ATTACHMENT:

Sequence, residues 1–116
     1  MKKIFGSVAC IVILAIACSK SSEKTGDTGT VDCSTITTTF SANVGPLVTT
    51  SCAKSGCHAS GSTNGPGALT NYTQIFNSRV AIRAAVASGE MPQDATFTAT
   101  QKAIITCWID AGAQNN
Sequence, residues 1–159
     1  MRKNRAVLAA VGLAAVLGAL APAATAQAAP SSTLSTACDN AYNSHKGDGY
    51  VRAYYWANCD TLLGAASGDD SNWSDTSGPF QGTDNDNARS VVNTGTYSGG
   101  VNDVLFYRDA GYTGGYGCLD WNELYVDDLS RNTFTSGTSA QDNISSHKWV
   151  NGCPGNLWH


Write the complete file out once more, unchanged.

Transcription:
Sequence, residues 1–116
     1  MKKIFGSVAC IVILAIACSK SSEKTGDTGT VDCSTITTTF SANVGPLVTT
    51  SCAKSGCHAS GSTNGPGALT NYTQIFNSRV AIRAAVASGE MPQDATFTAT
   101  QKAIITCWID AGAQNN
Sequence, residues 1–159
     1  MRKNRAVLAA VGLAAVLGAL APAATAQAAP SSTLSTACDN AYNSHKGDGY
    51  VRAYYWANCD TLLGAASGDD SNWSDTSGPF QGTDNDNARS VVNTGTYSGG
   101  VNDVLFYRDA GYTGGYGCLD WNELYVDDLS RNTFTSGTSA QDNISSHKWV
   151  NGCPGNLWH